As I began to think about this service I wondered why I am here? You are probably wondering the same since Fr Andrew is on sabbatical and so not here to tell you. As far as I can make out I am here because Fr Andrew and I are good friends, we were colleagues when he was the vicar of St Peter’s Streatham. I arrived there as the Methodist Minister in 1995 and so we have been good friends ever since. I am also here because I set up the London HIV Chaplaincy and am currently the chair of the board of trustees for that charity.
Luke’s account of Jesus’ journey to Jerusalem is long, and along the way we can forget that the trip has begun and that there is a destination in view. On this first Sunday in Lent we are reminded by this reading that we may also join Jesus on his trail towards Jerusalem. In this passage Luke recalls parables that Jesus told to his listeners as he made that journey towards his passion.
The audience is mixed, so-called tax collectors and sinners gather about Jesus as do the Pharisees and Scribes. The tax collectors and sinners seem drawn to Jesus by his openness to them, which is evident in Jesus’ actions – he heals the sick etc; but the Pharisees and Scribes are portrayed as Jesus’ critics, even as his adversaries. We observe the mixed audience with its different dispositions towards Jesus. As Luke’s readers and with both groups in view, we listen to Jesus as he tells two stories about being lost and found or about searching for that which is lost.
The people we meet with in the HIV Chaplaincy are all searching for something: I would say they are searching to make some kind of sense to their lives. They are wanting to discover answers to their own questions. Almost without exception they are all people of faith but they have been told by their faith leaders what they should think and believe. When our clients ask a gender question they are not given a straight forward answer or even “I’m afraid I have no answer to your question”; but they are given an answer that does not treat them as intelligent human beings.
On the other hand what about the faith communities? Their reactions to the questions that those who seek help from the HIV Chaplaincy ask is to try and keep them within the community as “bums on seats” appear to be more important than treating people as real human beings. Faith communities are more interested in keeping to the letter of their law – so sex is a dirty word, after all, “you have HIV and therefore you must have been very promiscuous sleeping around with many partners”.
I wonder which group, the chaplaincy’s clients or faith communities are the sinners and which are the Pharisees and Scribes?
These two parables of Jesus tells us that God cares for humanity, one hundred percent, for all one hundred sheep and for all ten coins. The assembled ninety nine or nine do not obscure God’s universal vision that sees each human in her or his own condition. This initial observation tells us the heart of the good news of God’s love.
Along with this good news, however, comes somewhat less pleasant information. The parables tell us that individuals become lost, separated from God’s care, guidance and grace. Moreover, while one does not want to push the allegory too far, the images of the parables tell us that this condition of lostness is simultaneously a condition of estrangement from God and other humans. The sheep and the coin were lost from the other sheep and the other coins as well as from the shepherd and the sweeper.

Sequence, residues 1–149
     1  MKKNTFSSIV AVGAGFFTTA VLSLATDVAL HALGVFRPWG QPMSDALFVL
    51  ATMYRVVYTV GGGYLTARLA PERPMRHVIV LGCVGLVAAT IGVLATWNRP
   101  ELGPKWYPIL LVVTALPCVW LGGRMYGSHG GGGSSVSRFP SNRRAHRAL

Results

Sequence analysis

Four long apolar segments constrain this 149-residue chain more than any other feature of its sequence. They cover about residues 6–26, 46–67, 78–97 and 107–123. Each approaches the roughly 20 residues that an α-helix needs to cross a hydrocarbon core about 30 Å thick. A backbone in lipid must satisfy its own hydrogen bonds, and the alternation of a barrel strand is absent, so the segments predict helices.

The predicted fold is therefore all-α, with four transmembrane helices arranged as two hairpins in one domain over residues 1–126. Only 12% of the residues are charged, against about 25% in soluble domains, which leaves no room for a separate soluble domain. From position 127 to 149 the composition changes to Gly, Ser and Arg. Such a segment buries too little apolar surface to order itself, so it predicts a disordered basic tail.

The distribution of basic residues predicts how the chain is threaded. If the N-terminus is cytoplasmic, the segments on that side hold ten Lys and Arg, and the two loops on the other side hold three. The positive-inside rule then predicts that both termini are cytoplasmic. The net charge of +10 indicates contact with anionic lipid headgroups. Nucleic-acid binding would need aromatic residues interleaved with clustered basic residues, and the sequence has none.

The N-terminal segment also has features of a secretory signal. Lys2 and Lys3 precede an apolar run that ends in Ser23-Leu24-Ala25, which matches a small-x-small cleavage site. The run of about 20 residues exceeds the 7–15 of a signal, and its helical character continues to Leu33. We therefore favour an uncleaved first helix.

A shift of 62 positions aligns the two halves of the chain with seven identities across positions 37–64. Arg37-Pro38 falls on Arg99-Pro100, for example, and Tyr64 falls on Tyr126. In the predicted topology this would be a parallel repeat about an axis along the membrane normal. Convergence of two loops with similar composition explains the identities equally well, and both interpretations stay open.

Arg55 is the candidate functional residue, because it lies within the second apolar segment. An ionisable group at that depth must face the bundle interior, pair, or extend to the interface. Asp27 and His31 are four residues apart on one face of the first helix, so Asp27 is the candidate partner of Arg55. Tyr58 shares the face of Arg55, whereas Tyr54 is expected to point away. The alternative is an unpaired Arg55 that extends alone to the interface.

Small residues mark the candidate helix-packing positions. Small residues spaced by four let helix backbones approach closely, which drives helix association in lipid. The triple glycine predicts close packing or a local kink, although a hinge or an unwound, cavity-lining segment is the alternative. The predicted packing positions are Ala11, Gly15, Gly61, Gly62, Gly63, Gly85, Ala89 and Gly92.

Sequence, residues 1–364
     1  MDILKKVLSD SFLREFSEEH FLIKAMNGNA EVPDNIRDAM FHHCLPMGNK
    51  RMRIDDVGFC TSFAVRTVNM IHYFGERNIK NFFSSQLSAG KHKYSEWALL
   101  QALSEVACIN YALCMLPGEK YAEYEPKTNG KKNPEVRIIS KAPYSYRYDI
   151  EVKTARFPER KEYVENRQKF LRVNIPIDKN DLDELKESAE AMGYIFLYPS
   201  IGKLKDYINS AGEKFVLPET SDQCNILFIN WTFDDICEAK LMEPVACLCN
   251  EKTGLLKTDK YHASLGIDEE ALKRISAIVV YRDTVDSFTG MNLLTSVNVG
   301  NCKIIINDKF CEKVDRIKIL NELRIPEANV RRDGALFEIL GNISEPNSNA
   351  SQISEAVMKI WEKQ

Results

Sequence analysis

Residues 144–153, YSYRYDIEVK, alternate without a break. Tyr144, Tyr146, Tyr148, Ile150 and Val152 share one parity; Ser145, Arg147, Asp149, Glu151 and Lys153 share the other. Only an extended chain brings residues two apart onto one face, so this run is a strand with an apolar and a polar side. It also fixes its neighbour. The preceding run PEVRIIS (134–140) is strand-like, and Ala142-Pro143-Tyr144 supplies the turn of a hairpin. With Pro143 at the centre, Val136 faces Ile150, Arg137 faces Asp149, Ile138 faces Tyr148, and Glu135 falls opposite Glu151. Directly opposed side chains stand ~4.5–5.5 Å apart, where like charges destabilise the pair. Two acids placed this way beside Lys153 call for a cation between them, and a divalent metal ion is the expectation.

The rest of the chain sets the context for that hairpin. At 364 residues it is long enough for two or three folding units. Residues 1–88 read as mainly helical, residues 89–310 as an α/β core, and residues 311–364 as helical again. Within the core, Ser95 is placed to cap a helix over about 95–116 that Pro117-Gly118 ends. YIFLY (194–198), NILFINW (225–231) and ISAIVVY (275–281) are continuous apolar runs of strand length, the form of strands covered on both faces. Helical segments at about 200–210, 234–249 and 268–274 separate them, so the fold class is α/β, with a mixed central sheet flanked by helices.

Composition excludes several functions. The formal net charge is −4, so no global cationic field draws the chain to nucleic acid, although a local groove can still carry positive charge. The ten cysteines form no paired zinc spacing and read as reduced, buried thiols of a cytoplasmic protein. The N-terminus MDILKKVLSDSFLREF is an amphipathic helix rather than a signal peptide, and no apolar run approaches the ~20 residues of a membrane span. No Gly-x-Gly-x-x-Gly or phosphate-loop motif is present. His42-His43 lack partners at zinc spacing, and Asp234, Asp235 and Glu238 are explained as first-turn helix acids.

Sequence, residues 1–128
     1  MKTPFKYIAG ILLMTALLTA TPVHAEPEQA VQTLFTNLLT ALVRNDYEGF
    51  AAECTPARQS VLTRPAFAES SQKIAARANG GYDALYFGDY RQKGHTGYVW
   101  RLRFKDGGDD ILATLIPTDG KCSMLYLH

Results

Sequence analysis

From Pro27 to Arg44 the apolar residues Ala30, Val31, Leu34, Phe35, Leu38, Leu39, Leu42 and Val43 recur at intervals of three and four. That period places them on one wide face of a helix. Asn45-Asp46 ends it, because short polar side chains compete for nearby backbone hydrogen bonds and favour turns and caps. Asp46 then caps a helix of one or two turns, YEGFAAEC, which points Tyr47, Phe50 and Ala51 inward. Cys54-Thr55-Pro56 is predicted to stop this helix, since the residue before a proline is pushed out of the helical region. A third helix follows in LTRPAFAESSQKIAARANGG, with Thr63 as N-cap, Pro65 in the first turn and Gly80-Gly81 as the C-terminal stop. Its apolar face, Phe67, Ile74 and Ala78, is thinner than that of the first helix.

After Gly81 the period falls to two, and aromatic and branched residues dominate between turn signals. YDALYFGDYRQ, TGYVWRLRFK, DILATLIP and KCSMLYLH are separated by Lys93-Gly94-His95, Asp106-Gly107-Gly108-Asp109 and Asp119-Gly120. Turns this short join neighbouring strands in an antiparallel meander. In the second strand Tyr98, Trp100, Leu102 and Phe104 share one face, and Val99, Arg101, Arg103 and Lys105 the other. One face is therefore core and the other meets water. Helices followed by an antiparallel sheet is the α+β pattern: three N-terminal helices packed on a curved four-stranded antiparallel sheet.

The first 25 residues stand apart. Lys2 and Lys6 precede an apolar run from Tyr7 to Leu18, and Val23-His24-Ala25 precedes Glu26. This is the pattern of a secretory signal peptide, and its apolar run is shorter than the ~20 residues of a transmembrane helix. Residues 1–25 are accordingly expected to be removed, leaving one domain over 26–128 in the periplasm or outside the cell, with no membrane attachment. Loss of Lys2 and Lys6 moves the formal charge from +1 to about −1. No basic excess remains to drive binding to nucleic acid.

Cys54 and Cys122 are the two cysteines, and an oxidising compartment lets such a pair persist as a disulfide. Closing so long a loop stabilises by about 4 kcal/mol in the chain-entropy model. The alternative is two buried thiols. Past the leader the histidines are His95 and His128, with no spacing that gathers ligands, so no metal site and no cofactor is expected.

At the end of the day I have come to the conclusion that both client and faith community are lost and maybe faith community more than the other. My conclusion therefore is that we are all in need of healing.
In the context of Luke’s gospel we should see that God pursues humanity in the person and work of Christ. Like the shepherd in pursuit of his beloved but lost sheep and like the sweeper in search of her precious lost coin, God in Jesus relentlessly pursues us to bring us out of lostness and into fellowship with God and God’s people. (I add a rider here: often those who call themselves God’s people have become less than God’s people just like the Pharisees! It just does not do to say “well God loves you whoever you are!” The searcher does not feel that at all; they have nothing to hang that sentence on).
The shepherd searched, not until dark but until he found the sheep; the woman swept, not until her broom wore out, but until she found the coin. Does God in Jesus pursue us likewise until we too are healed? I pray that she will.
All the tax-collectors and sinners were coming near to listen to Jesus. And the Pharisees and the scribes were grumbling and saying, ‘This fellow welcomes sinners and eats with them.’ So he told them this parable: ‘Which one of you, having a hundred sheep and losing one of them, does not leave the ninety-nine in the wilderness and go after the one that is lost until he finds it? When he has found it, he lays it on his shoulders and rejoices. And when he comes home, he calls together his friends and neighbours, saying to them, “Rejoice with me, for I have found my sheep that was lost.” Just so, I tell you, there will be more joy in heaven over one sinner who repents than over ninety-nine righteous persons who need no repentance.
Or what woman having ten silver coins, if she loses one of them, does not light a lamp, sweep the house, and search carefully until she finds it? When she has found it, she calls together her friends and neighbours, saying, “Rejoice with me, for I have found the coin that I had lost.” Just so, I tell you, there is joy in the presence of the angels of God over one sinner who repents.’
5th March 2017